Finally, appellee asserts that the record is barren of proof that Todd's motive was to provide additional security because of the transfer of the assets from Philadelphia. Assuming his motive to be of any importance, there is substantial support in the case, that it was to furnish an additional bond. The application for the bond in suit does point to some connection with the Pennsylvania assets; it does give $171,000 as the valuation of the property of the estate and does not make the slightest reference to the Lloyds' bond. Todd did, as already pointed out, say that he intended to substitute the United States Fidelity & Guaranty bond for that of Lloyds but his actions belie that statement.*fn7 He at least had knowledge of the references to the Pennsylvania assets, the Pennsylvania bond and the estate valuation, in the application for the United States Fidelity & Guaranty bond. He delivered the bond to the surrogate's office but made no effort to obtain the Lloyds' bond. The Lloyds' bond had been filed and recorded under order of the court and had been marked "filed" by the judge himself. It is most unlikely that Todd would have removed it from the surrogate's file. Todd also was apparently quire content to allow the United States Fidelity & Guaranty bond to remain with the surrogate until after the Toms River Trust Company had been taken over by the New Jersey Banking Department and he heard rumors of some trouble there. Only then did he do anything about regaining possession of it. Less than a month prior to the bond being delivered to the surrogate, the trust company had filed an inventory and appraisement of the property of the Halton estate, including the assets removed from Pennsylvania, which showed a total value of $171,258.35. The circumstances that the date of the United States Fidelity & Guaranty bond coincides with the renewal date of the Lloyds' bond and that they are in the same amount, are suspicious. But it must be remembered that it was the attorney in fact for the United States Fidelity & Guaranty Company, who was the moving party in this strange affair and who performed the very acts of which that company now complains.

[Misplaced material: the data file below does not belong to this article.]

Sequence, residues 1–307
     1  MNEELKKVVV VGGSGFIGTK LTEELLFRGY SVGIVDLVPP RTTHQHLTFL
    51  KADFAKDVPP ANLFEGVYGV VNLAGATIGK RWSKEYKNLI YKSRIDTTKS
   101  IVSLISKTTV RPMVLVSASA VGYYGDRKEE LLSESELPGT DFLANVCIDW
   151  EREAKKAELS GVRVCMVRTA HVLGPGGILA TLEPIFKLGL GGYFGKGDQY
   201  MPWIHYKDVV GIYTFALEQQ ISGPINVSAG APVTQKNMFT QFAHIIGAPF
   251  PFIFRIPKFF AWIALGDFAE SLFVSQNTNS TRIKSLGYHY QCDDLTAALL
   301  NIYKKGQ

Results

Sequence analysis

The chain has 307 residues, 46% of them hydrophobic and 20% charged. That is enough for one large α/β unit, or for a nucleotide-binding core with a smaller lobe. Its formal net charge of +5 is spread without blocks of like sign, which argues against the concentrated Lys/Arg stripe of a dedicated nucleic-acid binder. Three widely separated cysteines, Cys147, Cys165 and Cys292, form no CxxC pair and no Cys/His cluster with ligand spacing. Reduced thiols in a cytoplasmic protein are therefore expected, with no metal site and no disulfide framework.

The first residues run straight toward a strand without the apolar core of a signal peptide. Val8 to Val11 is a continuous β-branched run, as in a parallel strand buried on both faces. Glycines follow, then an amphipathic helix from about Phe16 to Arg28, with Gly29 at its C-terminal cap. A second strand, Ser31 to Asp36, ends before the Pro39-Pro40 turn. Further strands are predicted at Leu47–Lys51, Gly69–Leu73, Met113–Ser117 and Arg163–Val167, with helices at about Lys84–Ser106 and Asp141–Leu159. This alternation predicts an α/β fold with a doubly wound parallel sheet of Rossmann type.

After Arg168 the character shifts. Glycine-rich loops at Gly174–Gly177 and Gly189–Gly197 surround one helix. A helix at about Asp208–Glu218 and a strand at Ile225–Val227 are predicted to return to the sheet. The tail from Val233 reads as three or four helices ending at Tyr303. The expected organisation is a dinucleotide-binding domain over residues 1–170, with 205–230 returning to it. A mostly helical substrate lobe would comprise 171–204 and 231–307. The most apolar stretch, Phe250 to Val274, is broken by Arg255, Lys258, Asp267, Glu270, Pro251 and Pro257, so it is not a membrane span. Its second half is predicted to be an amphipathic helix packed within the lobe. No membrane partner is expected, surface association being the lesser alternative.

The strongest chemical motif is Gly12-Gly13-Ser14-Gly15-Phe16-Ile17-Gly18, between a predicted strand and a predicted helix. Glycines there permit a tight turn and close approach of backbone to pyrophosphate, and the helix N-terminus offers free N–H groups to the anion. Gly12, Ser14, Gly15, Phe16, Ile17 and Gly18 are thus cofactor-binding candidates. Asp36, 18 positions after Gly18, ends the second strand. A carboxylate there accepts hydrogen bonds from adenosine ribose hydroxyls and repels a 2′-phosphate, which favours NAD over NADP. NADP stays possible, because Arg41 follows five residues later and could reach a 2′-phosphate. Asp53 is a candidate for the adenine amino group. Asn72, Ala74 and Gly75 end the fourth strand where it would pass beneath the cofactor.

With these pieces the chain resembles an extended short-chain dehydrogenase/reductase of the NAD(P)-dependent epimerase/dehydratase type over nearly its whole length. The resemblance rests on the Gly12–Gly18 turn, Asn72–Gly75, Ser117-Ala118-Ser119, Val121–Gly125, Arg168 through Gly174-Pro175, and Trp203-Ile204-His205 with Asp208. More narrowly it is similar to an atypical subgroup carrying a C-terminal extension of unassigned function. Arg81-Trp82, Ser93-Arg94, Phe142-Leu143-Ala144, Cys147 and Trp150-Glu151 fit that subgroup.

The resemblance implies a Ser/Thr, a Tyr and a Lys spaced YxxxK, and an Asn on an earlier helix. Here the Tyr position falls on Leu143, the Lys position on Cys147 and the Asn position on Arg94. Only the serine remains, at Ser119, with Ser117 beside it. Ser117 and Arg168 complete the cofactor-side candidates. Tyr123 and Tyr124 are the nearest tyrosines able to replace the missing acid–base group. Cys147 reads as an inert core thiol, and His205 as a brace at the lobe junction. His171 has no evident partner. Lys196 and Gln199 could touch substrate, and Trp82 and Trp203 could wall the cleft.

We think the clear weight of the evidence shows the bond valid and enforceable as voluntary. While we have no doubt as to this, even if we had, then as said in the Thatcher opinion, supra, "* * * such doubt should be resolved in favor of the innocent person, to secure whom the bond was given, rather than to the advantage of these defendants, whose carelessness has at all events produced the situation." In the view we take of the matter it is not necessary to discuss whether the appellee is precluded from setting up the defense of invalidity because of the decree surcharging the estate.

The New Jersey statute with reference to prosecution of bonds of fiduciaries by the Ordinary as interpreted by the cases of that state would control the judgment in favor of the plaintiff which is here indicated. N.J.S.A. 3:8-20; Borden v. Wolf Silk Co., 108 N.J.Eq. 438 at page 445, 155 A. 623; Lee's Case, 43 N.J.Eq. 172 at page 175, 11 A. 125. Those decisions clearly point out that such judgment must be for the penalty of the bond. The same law provides for proceedings thereafter before the Ordinary to assess the damages. The order of October 30, 1940, by the Ordinary in the New Jersey Prerogative Court in the Halton Estate Matter which permits the present suit to be brought follows the statute and states that "the moneys recovered in such action, if any, be paid into this Court, to be applied toward making good the damages sustained by the non-performance of the conditions of said bond in such manner as this Court shall, by its decree, direct."

The judgment of the District Court is reversed and the cause remanded with directions that judgment be entered in favor of the plaintiff in the amount of the penalty of the bond, namely, $125,000, with costs.

Buy This Entire Record For $7.95

Official citation and/or docket number and footnotes (if any) for this case available with purchase.

Learn more about what you receive with purchase of this case.